Today’s automated composite layup machinery and software has many similarities with the state of the CNC metal-cutting industry of the 1950’s and 60’s. The technology is difficult to adopt for all but the largest manufacturers because of the high infrastructure costs. The process technology is complex and only understood by few. And, software is generally provided by machine manufactures, with different software required for each machine brand, resulting in limited software implementation and advances.
Overview and Glossary of Terms
Composite Manufacturing Overview and Glossary of Terms
Composite material usually consists of a woven fiber material, something like cloth, made of fiberglass, graphite, carbon-fiber, or other fiberous material. This material may be pre-impregnated with a glue or resin. The material can be very flexible, or can be relatively stiff.
Typically the material is applied to a form or mold that represents the shape of the final piece. The material is applied in layers with each layer applied at a different angle to the previous layer. Each composite layer has an isotropic stress characteristic (i.e. is structurally strong in one direction). The layering process makes the finished piece structurally strong in all directions. After the layers are applied the piece is in an uncured or “green” condition.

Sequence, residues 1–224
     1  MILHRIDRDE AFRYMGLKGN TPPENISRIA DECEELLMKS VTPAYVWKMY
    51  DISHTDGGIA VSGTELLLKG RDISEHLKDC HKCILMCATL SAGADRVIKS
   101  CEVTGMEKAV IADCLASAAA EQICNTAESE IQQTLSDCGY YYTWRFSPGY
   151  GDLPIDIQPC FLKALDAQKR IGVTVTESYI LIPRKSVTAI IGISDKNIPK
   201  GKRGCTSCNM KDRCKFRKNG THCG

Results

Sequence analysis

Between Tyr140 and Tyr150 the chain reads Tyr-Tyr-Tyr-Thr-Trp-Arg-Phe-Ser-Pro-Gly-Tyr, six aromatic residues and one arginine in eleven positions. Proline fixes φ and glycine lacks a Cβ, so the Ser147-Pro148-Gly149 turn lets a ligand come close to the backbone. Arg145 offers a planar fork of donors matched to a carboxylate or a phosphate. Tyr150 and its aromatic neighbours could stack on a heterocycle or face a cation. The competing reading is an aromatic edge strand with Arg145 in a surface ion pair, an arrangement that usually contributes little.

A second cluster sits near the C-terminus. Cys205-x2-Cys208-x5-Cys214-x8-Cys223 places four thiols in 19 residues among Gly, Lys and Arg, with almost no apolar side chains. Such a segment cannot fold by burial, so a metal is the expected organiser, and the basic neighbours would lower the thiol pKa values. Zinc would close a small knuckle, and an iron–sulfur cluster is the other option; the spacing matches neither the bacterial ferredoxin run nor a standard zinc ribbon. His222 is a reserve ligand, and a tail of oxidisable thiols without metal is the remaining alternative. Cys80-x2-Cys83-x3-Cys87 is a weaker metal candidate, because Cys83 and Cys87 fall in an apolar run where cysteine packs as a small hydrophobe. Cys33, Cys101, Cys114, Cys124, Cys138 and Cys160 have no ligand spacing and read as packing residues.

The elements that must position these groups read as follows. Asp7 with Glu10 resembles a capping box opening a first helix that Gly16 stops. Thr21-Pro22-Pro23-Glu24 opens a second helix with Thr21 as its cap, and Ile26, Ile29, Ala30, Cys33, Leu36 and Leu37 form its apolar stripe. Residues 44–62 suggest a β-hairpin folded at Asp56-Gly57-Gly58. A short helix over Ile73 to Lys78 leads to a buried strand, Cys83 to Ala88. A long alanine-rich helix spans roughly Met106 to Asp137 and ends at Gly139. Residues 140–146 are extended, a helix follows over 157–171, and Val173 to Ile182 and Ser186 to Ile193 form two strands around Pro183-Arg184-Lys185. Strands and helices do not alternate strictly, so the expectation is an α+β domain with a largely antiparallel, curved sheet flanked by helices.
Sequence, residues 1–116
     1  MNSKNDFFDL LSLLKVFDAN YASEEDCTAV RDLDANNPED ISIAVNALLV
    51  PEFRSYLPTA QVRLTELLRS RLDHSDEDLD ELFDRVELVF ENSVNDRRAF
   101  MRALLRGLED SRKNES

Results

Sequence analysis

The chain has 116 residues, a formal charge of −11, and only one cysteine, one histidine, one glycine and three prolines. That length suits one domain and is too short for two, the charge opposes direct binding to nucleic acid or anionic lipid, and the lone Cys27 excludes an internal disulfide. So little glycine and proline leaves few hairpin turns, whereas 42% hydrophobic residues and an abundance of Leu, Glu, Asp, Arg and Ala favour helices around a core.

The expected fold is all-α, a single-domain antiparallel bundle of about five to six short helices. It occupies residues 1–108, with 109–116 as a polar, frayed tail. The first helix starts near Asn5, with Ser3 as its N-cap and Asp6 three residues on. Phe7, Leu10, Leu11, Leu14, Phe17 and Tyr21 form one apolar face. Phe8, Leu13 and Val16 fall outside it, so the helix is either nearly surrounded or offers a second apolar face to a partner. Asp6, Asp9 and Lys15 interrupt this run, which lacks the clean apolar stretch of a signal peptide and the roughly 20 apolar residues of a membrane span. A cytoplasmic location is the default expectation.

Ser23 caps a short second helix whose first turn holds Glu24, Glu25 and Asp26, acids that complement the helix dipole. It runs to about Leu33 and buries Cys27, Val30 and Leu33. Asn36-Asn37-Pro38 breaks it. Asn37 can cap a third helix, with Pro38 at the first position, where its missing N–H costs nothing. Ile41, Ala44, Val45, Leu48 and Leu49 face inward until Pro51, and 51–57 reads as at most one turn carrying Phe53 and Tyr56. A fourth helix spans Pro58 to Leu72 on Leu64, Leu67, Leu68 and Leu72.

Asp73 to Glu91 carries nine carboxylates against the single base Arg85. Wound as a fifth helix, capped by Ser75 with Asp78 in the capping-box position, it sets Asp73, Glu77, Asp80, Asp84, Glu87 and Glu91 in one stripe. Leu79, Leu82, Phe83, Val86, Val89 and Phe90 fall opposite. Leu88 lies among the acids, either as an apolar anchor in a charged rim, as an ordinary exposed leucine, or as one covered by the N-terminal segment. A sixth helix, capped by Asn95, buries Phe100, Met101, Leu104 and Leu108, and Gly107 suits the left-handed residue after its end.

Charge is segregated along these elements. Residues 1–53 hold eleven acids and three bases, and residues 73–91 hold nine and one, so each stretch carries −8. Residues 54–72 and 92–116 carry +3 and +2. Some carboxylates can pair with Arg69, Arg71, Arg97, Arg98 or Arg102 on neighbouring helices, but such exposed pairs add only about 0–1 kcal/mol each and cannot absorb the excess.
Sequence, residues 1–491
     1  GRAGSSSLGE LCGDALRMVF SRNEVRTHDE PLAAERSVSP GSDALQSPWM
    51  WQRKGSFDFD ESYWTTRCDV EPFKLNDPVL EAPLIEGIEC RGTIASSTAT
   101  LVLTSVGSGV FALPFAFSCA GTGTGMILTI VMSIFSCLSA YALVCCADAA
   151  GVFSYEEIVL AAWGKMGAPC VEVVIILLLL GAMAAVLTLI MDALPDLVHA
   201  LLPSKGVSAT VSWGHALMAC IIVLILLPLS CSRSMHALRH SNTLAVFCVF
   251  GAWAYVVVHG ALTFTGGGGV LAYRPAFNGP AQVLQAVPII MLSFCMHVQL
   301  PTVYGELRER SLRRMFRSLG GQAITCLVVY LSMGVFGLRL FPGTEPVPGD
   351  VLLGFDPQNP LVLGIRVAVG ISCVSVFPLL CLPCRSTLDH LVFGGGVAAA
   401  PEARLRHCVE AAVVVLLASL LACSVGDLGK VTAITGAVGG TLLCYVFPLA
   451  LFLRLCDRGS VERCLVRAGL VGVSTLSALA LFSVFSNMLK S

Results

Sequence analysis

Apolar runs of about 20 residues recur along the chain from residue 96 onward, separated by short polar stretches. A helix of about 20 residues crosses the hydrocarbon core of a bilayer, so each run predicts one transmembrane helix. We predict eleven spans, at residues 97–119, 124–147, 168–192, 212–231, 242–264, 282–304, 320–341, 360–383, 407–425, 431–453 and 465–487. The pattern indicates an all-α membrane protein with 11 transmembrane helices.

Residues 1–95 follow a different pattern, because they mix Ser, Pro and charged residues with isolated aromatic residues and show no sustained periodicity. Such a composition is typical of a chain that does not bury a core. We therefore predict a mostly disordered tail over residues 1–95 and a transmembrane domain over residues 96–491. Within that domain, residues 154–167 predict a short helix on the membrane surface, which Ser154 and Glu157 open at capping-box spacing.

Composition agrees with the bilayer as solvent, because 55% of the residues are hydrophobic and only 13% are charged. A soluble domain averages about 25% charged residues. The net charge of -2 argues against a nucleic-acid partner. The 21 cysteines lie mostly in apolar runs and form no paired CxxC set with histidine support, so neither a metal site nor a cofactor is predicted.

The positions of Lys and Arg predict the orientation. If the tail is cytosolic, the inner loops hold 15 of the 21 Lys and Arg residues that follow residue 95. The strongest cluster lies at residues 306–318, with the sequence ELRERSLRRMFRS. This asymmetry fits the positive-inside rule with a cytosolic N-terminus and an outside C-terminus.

During material application a bonding-agent (glue or resin) is added to each layer, or it is already pre-impregnated in the material. The “green” piece is then cured to harden the bonding-agent. The curing often happens in a oven, also called an autoclave. During oven “baking” the bonding agent liquefies and flows through the layers of material, creating a single coherent structure.
After curing or baking the piece must typically be cut or trimmed to the final shape, and possibly other machining operations (milling, drilling, turning, etc) must be done to complete it. Composite cutting is also done using waterjet or ultrasonic knife technology.
Composite material can produce very strong and light structures. In many cases they are cheaper to manufacture than metals or plastics, especially where strength and lightweight are required. But composite manufacturing requires complex processes involving chemical, mechanical, and thermal technologies and expertise. And the raw material itself often has critical storage requirements (temperature, humidity, shelf-life, etc). Hence use of composite materials is not wide-spread and can be considered a “new” technology, even though it has been around for many years.
Composite components are used in aerospace, aircraft, and automotive products. They are also present in sports and recreation products such as tennis rackets, golf clubs, bicycles, motorcycles, and various high-end racing components. Composite components are frequently not covered with paint or other coatings, so the composite fibers are visible and create fear and envy in fellow competitors.
Material application processes
The following processes can be used to create a composite piece.
Composite Software FAQs
CGTech is often contacted and referenced by industry publications. Following are few of the questions we’ve been asked. Responses are provided by CGTech’s Product Marketing Manager. Have a question of your own? Ask us